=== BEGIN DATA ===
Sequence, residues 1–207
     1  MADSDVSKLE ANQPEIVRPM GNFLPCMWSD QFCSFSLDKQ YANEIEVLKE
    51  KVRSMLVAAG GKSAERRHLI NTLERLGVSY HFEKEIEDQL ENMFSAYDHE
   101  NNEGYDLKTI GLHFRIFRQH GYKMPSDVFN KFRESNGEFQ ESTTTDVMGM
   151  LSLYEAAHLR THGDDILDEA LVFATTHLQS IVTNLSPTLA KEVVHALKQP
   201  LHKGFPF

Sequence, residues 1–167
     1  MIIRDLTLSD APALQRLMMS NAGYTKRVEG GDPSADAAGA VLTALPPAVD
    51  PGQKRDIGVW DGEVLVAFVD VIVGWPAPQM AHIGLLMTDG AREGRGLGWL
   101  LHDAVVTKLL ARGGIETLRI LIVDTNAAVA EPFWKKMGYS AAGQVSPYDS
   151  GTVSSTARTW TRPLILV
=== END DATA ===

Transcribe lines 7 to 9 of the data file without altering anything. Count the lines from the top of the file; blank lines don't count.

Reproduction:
Sequence, residues 1–167
     1  MIIRDLTLSD APALQRLMMS NAGYTKRVEG GDPSADAAGA VLTALPPAVD
    51  PGQKRDIGVW DGEVLVAFVD VIVGWPAPQM AHIGLLMTDG AREGRGLGWL